Biographical entry: Taroaniara, Stephen (c. 1845 - 1871)

c. 1845
20 September 1871


Born about 1845, Stephen Taroaniara was from Tawatana (or Ubana village) on Makira. In the mid-1850s he was one of the first Makiran boys to be taken away by Bishop George Selwyn (q.v.) to St. John's Melanesian Mission School in Auckland. William Didimang (q.v.) had already travelled to Auckland and returned to Makira in 1853, which assured people that other boys would be safe there. Selwyn also befriended a Maata chief named Iri who encouraged several boys to go. Tall and strongly built, Taroaniara travelled to New Zealand along with Sumarua and three others. Taroaniara was certainly in Auckland in 1857 and 1862 since Bishop John Patteson (q.v.) mentions him in letters. The usual pattern was for the Anglican Mission to send boys home after two years at the school, so presumably he had been home to Makira and returned to Auckland. On one trip to Makira he married, although by 1864 he had left his wife and child to return to Auckland. His wife's family refused to allow her to travel with him, though he entreated with them again when he returned home with Sumarua. Patteson visited Taroanira in 1866 and the next year was able to persuade him to leave again, this time to be based at the new Mission headquarters on Norfolk Island. While there he was struck down by typhoid fever, which almost took his life. He was baptised on 19 July 1868 and confirmed on Easter Day 1869, and was the first Solomon Islander to receive the Anglican sacrament.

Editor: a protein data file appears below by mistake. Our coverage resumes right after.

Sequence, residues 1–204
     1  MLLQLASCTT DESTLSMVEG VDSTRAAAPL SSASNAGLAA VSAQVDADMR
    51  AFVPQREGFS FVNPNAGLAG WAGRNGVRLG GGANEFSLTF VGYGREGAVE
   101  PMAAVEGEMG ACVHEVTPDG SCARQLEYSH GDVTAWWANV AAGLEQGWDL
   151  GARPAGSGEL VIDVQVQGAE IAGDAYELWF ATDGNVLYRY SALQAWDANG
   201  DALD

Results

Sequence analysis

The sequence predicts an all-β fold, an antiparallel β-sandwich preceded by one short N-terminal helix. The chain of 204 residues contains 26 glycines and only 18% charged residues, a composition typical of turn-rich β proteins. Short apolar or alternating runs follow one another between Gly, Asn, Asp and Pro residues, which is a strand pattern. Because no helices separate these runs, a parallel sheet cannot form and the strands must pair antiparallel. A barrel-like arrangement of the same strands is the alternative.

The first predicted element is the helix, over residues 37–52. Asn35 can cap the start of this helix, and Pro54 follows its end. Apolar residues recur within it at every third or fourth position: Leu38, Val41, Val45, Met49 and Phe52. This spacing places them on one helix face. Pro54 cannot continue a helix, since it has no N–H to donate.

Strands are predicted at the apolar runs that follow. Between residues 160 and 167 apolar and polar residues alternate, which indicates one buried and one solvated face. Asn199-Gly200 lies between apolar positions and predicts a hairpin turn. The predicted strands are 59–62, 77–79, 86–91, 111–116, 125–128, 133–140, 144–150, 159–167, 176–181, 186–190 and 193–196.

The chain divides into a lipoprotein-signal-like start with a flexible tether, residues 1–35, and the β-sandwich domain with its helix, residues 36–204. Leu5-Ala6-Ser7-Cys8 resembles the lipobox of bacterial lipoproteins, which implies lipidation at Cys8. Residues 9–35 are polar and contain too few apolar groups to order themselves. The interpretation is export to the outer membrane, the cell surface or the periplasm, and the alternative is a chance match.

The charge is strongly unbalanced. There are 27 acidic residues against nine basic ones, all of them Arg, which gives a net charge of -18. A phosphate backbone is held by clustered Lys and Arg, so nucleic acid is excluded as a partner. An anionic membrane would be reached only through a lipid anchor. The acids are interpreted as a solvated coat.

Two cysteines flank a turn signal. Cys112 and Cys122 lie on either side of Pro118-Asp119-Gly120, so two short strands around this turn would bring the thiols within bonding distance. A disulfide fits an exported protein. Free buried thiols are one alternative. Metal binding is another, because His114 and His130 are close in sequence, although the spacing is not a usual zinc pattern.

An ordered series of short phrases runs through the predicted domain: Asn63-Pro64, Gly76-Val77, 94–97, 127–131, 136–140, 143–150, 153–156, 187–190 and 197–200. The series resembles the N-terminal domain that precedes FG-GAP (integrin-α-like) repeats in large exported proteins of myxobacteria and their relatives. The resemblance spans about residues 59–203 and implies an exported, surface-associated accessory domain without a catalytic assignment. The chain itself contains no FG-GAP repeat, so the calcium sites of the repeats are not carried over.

Taroaniara missed his wife and child and returned home once more to find that his wife had married a man from Marau on Guadalcanal, though his daughter Paraiteku was still there. The Mission encouraged him to remarry, which he did, to Tori from the Christian community at Sa'a, who returned with him to Norfolk with their daughter Rosa. Taroaniara and Rev. Atkin returned to Makira for some months until they were taken aboard the Southern Cross (q.v.) on 25 August 1871 by Bishop Patteson, and toured to Isabel and Nggela. Taroaniara was one of the boats' crew that rowed Bishop Patteson ashore at Nukapu in the Santa Cruz Islands when he was killed on 20 September 1871. Due to be ordained later in 1871, Taroaniara died of multiple arrow wounds from the attack on the 29th, nursed throughout by Joseph Wate (q.v.). Taroaniara is regarded as a martyr and was the first Solomon Islander communicant, and the Melanesian Mission named its headquarters after him. (Montgomery 1904 [1896], ch. 16; Fox 1958, 159-160; 'Stephen Taoaniara, the First Communicant Martyr', SCL 15 July 1898, 1-4)

Related Cultural Artefacts

Published resources


  • Fox, Charles E., Lord of the Southern Isles: Being the Story of the Anglican Mission in Melanesia, 1849-1949, Mowbray, London, 1958. Details
  • Montgomery, Henry H., The Light of Melanesia: A Record of Thirty-Five Years Mission Work in the South Seas, Written after a Personal Visitation made by Request of the Right Rev. John Selwyn, D.D., late Bishop of Melanesia, Originally published: 1896, Society for Promoting Christian Knowledge, London, 1904. Details


  • Southern Cross Log (SCL). Details


Stephen Taroaniara early Anglican convert and martyr